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Supervisor John Avalos and San Francisco mothers came together to ask Mayor Gavin Newsom for a special kind of Mother’s Day present: Stop the impending cuts to programs serving victims of domestic violence and their families.

About 40 people — mostly members and clients of the San Francisco Domestic Violence Consortium — gathered on the steps of City Hall Tuesday to share their stories of abuse and recovery to show how the proposed 25.3 percent cut to programs would be detrimental to thousands of women in San Francisco.

“Families are under a lot of stress and we know that domestic violence rises when our economy is suffering,” said Avalos, who is also the chair of the Board of Supervisors’ budget and finance committee. “I really look forward to the day we don’t have to talk about preventing cuts. We can talk about how we’re coming out — we have funding to do the innovative programs, the innovative approaches that will help do the better prevention work that we know all of us are capable of doing.”

Avalos gave the example of how 10 years ago, the homicide rate linked to domestic violence was about 10 homicides a year, and it is now at two homicides a year.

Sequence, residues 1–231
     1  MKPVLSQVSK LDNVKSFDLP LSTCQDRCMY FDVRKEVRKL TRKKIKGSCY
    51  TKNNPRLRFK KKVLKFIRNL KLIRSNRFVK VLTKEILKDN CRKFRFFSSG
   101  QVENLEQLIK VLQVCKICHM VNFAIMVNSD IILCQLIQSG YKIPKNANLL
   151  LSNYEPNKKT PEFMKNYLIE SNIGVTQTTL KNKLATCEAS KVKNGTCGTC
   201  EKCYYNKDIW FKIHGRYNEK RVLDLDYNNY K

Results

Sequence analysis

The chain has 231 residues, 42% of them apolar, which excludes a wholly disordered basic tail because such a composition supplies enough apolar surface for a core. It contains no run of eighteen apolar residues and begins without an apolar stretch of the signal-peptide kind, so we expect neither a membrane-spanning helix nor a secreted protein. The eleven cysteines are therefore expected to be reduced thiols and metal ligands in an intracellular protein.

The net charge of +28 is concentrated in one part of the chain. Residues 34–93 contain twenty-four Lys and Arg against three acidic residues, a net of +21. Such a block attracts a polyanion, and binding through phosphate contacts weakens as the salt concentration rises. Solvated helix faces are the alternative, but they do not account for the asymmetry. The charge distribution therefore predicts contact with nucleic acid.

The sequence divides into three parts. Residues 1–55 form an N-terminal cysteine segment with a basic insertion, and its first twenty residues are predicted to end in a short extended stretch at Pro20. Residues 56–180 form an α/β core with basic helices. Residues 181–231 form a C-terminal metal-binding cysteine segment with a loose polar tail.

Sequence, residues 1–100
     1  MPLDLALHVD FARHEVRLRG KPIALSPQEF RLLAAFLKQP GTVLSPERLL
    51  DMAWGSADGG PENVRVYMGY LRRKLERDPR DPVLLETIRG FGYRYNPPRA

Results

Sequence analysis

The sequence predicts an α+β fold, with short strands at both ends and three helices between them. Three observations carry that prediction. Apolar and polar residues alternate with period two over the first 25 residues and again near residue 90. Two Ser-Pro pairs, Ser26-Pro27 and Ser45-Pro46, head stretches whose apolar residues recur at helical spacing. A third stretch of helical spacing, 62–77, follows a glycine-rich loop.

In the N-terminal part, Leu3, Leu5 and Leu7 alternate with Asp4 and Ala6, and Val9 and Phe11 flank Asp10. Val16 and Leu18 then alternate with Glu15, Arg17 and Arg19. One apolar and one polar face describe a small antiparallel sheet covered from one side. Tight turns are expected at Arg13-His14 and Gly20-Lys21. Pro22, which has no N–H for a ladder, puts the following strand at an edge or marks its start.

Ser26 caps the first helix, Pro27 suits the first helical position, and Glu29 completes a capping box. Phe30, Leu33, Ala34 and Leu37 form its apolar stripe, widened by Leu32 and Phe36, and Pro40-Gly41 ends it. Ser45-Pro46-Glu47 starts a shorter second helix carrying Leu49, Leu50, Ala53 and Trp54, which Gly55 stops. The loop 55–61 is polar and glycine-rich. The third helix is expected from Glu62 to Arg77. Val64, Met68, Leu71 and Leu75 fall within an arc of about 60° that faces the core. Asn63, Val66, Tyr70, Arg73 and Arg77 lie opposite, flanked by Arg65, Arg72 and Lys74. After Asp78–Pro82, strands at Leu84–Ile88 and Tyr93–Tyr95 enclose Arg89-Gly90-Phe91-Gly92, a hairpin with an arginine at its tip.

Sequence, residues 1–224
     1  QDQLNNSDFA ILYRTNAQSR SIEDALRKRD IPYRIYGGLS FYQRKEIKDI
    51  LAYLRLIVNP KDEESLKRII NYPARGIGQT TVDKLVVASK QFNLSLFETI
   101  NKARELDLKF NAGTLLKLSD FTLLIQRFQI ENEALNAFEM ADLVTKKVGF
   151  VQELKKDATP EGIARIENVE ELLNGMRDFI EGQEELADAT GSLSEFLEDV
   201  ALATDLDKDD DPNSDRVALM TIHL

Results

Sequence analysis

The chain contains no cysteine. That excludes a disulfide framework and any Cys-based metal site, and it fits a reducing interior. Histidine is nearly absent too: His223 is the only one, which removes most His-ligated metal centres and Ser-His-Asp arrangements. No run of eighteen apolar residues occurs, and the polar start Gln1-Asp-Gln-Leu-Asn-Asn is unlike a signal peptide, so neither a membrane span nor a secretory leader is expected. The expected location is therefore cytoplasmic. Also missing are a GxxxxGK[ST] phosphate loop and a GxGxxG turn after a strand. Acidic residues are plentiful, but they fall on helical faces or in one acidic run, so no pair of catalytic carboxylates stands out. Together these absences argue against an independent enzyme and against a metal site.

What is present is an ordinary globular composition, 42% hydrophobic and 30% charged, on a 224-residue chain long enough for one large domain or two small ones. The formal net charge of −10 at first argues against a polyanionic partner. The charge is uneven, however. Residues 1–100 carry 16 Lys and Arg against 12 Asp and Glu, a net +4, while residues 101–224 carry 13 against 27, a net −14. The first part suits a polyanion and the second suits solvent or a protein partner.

Supervisor David Chiu, president of the Board of Supervisors, followed suit, thanking the agencies for the “myriad of services they provide in this city of St. Francis.”

“I very rarely appear at an event like this because it’s actually very difficult with a half a billion dollars in budget cuts that we’re facing this year to be able to look all of you in the eye and say that we will vote consistently against any types of cuts,” Chiu said. “But I think when it comes to these specific cuts to protect our women, to protect children, to protect our families, I am very comfortable standing here with you saying this is something that we have to do.”

The mayor is instructing the Department on the Status of Women to reduce their budget by $654,810, plus up to a 10 percent contingency for a total of $982,314, according to a statement from Avalos’ office.

But to meet these demands, cuts would be as follows:

Of the 34 programs facing cuts in the 2010-2011 fiscal year, 14 are based in the Mission:

Asian Women’s Shelter: Domestic Violence Shelter Services (Shelter)

Bar Association of San Francisco VLSP: Cooperative Restraining Order Clinic (Legal)

Community United Against Violence: LBT Prevention and Education Services (Prevention)

Horizons Unlimited of San Francisco, Inc.: Females Against Violence Peer Leadership (Prevention)

Mission Neighborhood Centers, Inc.: RAICES (Prevention)

Mujeres Unidas y Activas: Sanando el Alma (Intervention)

San Francisco Women Against Rape:

  • Sexual Assault Prevention Education (Prevention)
  • STAND (Prevention)
  • Sexual Assault Crisis Line (Crisis Line)
  • Sexual Assault Intervention and Advocacy (Intervention)

Riley Center of St. Vincent de Paul Society:

  • Brennan House (Housing)
  • Rosalie House (Shelter)

WOMAN, Inc.:

  • Therapy and Latina Case Management Program (Intervention)
  • Crisis Line Program (Crisis Line)